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MacDill acts to shore up its eroding shoreline

The shoreline along MacDill's eastern coast, particularly the southeastern portion near the south golf course, is rapidly washing away. It has been estimated the base is losing as much as one horizontal foot of shoreline annually; that's 3,800 square feet of land each year. The erosion is clearly evident with even a quick walk along the shoreline.

The roots of large live oaks are exposed and dying and palm trees are washing away. Even the mangroves, well known for stabilizing coastal zones, are losing the battle to the wind and waves. The exact reasons for the accelerated beach erosion are unknown, but many suspect the steady increase in the number and size of ships that pass through the bay each year may be a significant cause.

The MacDill Conservation Program has developed a project to stop the erosion. MacDill and the U.S. Fish and Wildlife Service have partnered to implement Phase I of multiphase, multiyear shoreline stabilization project. Tampa Bay Watch, a local nonprofit company dedicated to the stewardship of the bay, has been contracted to design and support the innovative stabilization project.

Phase I of the project will construct an 800-linear foot "reef" in the shallow water parallel to the shoreline. The reef will reduce wave energy before it hits the beach, thereby reducing erosion. If conditions are favorable, shoreline accretion (gain) may even occur.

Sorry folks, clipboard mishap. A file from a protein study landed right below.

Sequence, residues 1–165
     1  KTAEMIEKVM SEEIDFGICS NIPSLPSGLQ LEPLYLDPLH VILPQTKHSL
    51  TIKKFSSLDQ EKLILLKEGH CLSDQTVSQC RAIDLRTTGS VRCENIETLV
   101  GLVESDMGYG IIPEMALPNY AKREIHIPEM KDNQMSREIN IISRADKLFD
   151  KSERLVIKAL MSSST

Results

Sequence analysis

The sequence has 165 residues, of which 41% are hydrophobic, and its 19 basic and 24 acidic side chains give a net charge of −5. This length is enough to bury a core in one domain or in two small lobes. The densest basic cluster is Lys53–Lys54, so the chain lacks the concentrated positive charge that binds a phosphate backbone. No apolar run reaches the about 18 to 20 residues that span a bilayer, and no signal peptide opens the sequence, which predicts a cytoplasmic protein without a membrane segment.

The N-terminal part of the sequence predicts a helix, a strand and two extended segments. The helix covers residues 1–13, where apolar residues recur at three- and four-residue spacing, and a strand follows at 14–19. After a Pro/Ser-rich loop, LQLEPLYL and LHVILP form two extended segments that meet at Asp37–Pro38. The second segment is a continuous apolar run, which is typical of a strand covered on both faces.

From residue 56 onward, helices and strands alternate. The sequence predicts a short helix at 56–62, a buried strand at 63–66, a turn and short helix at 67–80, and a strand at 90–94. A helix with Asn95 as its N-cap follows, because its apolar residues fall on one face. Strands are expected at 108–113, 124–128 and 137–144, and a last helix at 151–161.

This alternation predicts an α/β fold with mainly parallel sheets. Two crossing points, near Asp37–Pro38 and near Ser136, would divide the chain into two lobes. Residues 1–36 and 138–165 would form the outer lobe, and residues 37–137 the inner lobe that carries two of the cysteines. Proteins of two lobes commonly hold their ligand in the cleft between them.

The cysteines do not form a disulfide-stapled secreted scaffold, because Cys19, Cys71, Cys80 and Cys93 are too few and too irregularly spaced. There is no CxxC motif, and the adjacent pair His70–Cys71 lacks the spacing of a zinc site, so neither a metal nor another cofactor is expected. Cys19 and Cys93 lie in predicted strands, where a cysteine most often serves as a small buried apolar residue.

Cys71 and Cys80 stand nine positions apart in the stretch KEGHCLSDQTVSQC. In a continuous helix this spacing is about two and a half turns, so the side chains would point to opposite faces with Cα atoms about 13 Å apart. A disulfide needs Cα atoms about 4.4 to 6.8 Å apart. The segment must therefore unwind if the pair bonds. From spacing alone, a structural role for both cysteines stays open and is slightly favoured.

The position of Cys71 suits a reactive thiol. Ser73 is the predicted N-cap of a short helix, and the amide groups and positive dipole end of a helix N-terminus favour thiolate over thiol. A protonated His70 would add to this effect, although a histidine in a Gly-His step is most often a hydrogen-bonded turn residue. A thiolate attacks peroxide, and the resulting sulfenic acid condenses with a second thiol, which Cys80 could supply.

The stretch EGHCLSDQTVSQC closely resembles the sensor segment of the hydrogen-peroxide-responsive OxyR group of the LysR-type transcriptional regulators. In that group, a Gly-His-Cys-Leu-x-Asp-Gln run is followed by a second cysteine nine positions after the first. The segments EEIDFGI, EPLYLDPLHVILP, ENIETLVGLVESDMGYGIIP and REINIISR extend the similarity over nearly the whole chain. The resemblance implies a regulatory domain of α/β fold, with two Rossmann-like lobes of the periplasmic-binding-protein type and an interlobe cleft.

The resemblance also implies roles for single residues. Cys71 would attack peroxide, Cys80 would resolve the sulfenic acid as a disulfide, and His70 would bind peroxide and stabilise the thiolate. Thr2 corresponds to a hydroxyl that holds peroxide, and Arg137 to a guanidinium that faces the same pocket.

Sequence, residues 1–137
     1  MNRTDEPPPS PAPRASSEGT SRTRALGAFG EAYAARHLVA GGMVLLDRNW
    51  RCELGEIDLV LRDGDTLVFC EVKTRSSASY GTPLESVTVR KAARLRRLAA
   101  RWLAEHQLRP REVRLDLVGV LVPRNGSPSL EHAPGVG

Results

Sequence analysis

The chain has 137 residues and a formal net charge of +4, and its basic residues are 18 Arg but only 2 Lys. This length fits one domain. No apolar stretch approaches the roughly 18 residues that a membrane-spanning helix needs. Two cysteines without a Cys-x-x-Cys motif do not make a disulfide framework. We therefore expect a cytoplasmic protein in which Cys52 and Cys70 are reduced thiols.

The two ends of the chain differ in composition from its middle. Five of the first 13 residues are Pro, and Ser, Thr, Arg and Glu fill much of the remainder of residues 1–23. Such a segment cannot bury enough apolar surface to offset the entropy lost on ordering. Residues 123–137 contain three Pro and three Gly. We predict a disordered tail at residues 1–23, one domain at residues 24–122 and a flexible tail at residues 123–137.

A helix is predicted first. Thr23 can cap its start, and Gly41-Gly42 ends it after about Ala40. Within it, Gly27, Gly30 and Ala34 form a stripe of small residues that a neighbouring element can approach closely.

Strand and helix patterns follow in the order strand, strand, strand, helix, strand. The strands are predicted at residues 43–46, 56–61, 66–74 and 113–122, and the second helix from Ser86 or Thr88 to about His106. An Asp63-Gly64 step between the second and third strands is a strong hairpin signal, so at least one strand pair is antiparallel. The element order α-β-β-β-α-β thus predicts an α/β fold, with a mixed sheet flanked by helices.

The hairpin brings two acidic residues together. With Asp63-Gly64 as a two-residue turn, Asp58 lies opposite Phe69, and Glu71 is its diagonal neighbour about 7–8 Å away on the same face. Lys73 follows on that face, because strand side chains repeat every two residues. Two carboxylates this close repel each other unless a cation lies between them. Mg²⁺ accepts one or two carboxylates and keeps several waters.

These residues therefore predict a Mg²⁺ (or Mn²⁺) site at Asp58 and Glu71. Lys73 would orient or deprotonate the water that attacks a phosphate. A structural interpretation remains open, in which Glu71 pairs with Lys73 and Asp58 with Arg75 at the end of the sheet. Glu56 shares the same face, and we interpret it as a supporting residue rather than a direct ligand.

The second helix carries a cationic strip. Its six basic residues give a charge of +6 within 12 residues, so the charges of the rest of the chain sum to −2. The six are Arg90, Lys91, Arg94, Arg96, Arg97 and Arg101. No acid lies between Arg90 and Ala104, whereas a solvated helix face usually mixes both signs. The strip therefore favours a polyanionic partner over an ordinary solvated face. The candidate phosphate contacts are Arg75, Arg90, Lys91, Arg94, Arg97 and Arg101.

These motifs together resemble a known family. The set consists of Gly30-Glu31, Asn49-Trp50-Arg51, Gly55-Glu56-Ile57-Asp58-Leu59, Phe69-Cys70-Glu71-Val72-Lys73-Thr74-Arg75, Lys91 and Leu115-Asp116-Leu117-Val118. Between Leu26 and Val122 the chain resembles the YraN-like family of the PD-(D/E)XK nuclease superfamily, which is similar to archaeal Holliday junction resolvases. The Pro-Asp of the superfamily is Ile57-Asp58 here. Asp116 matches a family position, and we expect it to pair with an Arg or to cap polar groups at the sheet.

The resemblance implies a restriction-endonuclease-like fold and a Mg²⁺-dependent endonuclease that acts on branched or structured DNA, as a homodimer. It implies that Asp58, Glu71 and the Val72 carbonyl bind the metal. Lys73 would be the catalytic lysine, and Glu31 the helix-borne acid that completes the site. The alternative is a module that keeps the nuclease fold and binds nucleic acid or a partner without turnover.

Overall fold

The reef will be primarily constructed of marine-friendly concrete oyster domes. An oyster dome is a hollow half-sphere roughly two feet in diameter and 18 inches tall with large holes throughout. These holes allow water to pass through, but also dissipate wave energy.

Each oyster dome weighs about 50 pounds. Approximately 910 oyster domes will be placed in the surf to create the 800-foot reef for Phase I. Once in place, it is anticipated oysters and mussels will quickly colonize on the oyster domes. Civilian and military volunteers will carry the oyster domes from trailers on the shoreline out into the shallow surf where they will be placed on the sandy bottom and secured. The work effort is anticipated to take about four days to complete with approximately 20 volunteers each day.

The MacDill AFB Conservation Program is seeking volunteers to support this rather large work effort. The work is tentatively scheduled for mid-March, once the appropriate environmental permits have been secured. This project will be the largest of its kind to be completed in the Tampa Bay area. To volunteer your time and muscle to support this innovative project, contact Jason Kirkpatrick at 828-0459.




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